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Aftermath of the Douglas Village Shopping Centre fire showing buckled steel beams. Still from a video by Cork City Fire Brigade via Twitter
Aftermath of the Douglas Village Shopping Centre fire showing buckled steel beams. Still from a video by Cork City Fire Brigade via Twitter
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Douglas Shopping Centre owner: We’re dealing with very dangerous building

THE owner of Douglas Village Shopping Centre, which suffered a devastating fire in recent weeks, has spoken about the large-scale demolition and rebuilding project that lies ahead.

Developer Clayton Love said the fire-damaged shopping centre and car park are currently “very dangerous”.

He hopes to see demolition begin next week but said it would be a complex operation and the timeline was impossible to predict.

“This isn’t an off-the-shelf type demolition,” he said. “It has to be done very carefully and very slowly.

“I would stress that the building is dangerous.

“There is a part of the centre that is definitely coming down and there are other parts that will have to be tested and checked.

 Clayton Love, owner of Douglas Village Shopping Centre, preparing to bring insurance assessors into the fire-damaged building. Picture: Dan Linehan

Clayton Love, owner of Douglas Village Shopping Centre, preparing to bring insurance assessors into the fire-damaged building. Picture: Dan Linehan

“The amount of demolition then will largely determine the time period for a rebuild. There is a lot of steel to be ordered and we won’t know how much we’ll need until we’re well into the demolition.

“It’s only then that we’ll begin to get an accurate feel for how much material is needed. That then will be the key factor in determining how long it will take to rebuild the centre.”

Mr Love revealed that the plan is to rebuild the car park as it was before the fire.

“We don’t have any plans other than to get it back up and running and to do this as soon and as safely as possible,” he said.

“It won’t happen overnight, unfortunately. We’re dealing with a very dangerous building at the moment.”

 There were 197 cars in the shopping centre at the time of the fire; 138 of these have been removed, of which 117 have been collected and 21 are awaiting collection. Picture Dan Linehan

There were 197 cars in the shopping centre at the time of the fire; 138 of these have been removed, of which 117 have been collected and 21 are awaiting collection. Picture Dan Linehan

Mr Love said that one area of focus up to now has been engaging with tenants and determining if some could access the centre safely to retrieve stock.

“We’ve been trying to get the food products out of the centre in a safe manner, largely supervised by Hegarty’s Construction,” he said.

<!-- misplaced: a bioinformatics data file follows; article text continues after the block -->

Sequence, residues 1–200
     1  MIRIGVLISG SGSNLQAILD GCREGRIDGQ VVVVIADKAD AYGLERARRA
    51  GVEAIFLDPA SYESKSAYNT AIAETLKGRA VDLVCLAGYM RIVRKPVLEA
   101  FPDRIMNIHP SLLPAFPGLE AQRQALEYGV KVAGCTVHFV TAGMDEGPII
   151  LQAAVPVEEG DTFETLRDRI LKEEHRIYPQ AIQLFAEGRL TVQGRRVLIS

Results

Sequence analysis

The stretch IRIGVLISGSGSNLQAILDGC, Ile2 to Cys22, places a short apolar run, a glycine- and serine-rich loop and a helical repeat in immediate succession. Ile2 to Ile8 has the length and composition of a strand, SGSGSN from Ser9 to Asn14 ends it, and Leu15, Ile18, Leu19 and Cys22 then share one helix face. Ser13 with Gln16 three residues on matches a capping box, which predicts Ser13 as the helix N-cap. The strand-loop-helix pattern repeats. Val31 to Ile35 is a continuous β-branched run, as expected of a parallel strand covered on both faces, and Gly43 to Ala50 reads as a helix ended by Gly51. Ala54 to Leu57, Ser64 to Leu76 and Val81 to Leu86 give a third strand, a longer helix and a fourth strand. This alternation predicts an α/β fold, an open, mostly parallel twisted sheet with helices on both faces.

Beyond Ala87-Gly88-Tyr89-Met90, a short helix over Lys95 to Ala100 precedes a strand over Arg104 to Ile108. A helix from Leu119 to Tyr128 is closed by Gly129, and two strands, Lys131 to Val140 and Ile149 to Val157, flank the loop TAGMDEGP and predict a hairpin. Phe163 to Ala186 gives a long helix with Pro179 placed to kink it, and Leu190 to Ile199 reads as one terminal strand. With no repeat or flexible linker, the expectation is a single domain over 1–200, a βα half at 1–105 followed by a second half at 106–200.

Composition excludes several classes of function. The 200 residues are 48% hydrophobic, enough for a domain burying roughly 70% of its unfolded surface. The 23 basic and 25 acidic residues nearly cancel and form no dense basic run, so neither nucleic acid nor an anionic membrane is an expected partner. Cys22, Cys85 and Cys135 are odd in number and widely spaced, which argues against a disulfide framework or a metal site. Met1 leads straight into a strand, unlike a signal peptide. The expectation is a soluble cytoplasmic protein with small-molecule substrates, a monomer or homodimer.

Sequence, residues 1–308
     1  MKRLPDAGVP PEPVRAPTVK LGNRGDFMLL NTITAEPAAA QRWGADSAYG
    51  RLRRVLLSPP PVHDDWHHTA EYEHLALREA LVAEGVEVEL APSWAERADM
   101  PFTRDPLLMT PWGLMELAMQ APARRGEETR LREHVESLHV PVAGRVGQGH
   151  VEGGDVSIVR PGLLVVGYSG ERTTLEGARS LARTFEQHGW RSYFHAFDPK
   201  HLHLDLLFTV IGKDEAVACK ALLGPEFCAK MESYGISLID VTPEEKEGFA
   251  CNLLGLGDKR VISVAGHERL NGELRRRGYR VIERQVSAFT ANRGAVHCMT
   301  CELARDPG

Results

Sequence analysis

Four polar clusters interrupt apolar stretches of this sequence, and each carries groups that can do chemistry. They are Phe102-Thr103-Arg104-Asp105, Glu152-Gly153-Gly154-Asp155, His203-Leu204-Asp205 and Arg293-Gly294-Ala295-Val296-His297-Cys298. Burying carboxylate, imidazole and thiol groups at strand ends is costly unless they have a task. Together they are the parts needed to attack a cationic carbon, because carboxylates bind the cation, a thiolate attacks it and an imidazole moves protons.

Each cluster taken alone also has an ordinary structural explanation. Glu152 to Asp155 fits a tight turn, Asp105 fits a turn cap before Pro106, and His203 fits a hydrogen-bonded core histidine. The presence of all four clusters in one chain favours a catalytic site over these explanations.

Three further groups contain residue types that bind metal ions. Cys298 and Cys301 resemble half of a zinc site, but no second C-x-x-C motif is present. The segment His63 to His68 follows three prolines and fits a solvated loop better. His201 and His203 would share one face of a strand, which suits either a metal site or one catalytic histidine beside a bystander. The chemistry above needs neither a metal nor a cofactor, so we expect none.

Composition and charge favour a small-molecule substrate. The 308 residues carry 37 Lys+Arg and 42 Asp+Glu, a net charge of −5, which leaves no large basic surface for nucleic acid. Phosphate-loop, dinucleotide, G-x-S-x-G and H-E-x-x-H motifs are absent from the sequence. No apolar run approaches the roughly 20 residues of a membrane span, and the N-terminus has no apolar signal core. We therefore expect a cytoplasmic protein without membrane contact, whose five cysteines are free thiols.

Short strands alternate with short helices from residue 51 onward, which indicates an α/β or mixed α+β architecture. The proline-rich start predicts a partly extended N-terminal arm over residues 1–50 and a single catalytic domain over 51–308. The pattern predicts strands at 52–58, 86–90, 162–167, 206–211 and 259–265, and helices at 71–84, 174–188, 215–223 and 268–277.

“We’re slowly working our way through it with tenants, trying to get out what we can for them.

“The rest of it just has to remain until the building is demolished to an extent that the rest of the building is safe.”

Mr Love described the removal of cars as a “major exercise”.

“The first step was to get as many cars out as we could and return them to their owners,” he said.

 Aftermath of Douglas Village Shopping Centre fire in the multi-storey carpark. Pic; Larry Cummins
Aftermath of Douglas Village Shopping Centre fire in the multi-storey carpark. Pic; Larry Cummins
There were 197 cars in the shopping centre at the time of the fire; 138 of these have been removed, of which 117 have been collected and 21 are awaiting collection.

“We’ve told everybody to get their car tested for safety reasons because if they were in any way exposed to the heat, you don’t know what kind of damage that can do to electronics and other aspects,” said Mr Love.

There are 59 cars still inside the structure. While 46 are completely destroyed and will not be removed, Mr Love said he is hopeful that 10 may be removable.

“Whether they are damaged or undamaged, that remains to be seen because they will be difficult to get out but they’re doing their best,” he said.

A meeting of Douglas traders with City Hall officials. Pic; Larry Cummins.
A meeting of Douglas traders with City Hall officials. Pic; Larry Cummins.
Three cars remain on the roof of the car park, directly over the fire-damaged area.

“They’re directly over the weakest part of the building and we can’t send anybody there on vehicles or on foot,” said Mr Love. “It’s too dangerous — the whole lot could collapse at any moment.”

Mr Love said there may be an opportunity to safely retrieve these three cars during demolition but that there was no guarantee of this.

“There are 46 cars that are destroyed and they’re not coming out.

“By way of deduction, we now know who the owners of the 46 destroyed cars are and we’re beginning to talk to them and explain that their car is not coming out.

“We did all the necessary certification to insurance companies to confirm that.

“Hopefully, their own insurance companies will sort them out quickly.”

Mr Love said he was very grateful to the emergency services who responded on the night, as well as the tenants who helped in ensuring people followed procedure and got out safely.

“We’ve got nothing but compliments to pay to the fire services, gardaí, as well as the tenants and staff on duty, who managed to get customers out safely,” said Mr Love.